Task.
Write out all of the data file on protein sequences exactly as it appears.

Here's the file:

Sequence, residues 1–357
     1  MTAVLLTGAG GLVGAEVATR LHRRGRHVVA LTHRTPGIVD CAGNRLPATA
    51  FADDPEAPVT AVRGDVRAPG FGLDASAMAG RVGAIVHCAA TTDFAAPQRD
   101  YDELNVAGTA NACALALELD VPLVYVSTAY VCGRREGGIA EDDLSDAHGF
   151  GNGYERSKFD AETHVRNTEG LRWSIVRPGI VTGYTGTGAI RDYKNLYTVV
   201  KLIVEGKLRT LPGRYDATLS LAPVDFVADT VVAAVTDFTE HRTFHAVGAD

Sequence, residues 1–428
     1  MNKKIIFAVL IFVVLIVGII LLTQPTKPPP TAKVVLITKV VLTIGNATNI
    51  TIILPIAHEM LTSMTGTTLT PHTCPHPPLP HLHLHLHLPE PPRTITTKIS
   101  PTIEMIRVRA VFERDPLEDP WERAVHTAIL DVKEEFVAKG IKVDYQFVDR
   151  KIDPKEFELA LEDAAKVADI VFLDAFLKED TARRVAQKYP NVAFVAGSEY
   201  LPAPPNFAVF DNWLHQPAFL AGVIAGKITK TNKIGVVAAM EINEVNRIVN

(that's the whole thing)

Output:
Sequence, residues 1–357
     1  MTAVLLTGAG GLVGAEVATR LHRRGRHVVA LTHRTPGIVD CAGNRLPATA
    51  FADDPEAPVT AVRGDVRAPG FGLDASAMAG RVGAIVHCAA TTDFAAPQRD
   101  YDELNVAGTA NACALALELD VPLVYVSTAY VCGRREGGIA EDDLSDAHGF
   151  GNGYERSKFD AETHVRNTEG LRWSIVRPGI VTGYTGTGAI RDYKNLYTVV
   201  KLIVEGKLRT LPGRYDATLS LAPVDFVADT VVAAVTDFTE HRTFHAVGAD

Sequence, residues 1–428
     1  MNKKIIFAVL IFVVLIVGII LLTQPTKPPP TAKVVLITKV VLTIGNATNI
    51  TIILPIAHEM LTSMTGTTLT PHTCPHPPLP HLHLHLHLPE PPRTITTKIS
   101  PTIEMIRVRA VFERDPLEDP WERAVHTAIL DVKEEFVAKG IKVDYQFVDR
   151  KIDPKEFELA LEDAAKVADI VFLDAFLKED TARRVAQKYP NVAFVAGSEY
   201  LPAPPNFAVF DNWLHQPAFL AGVIAGKITK TNKIGVVAAM EINEVNRIVN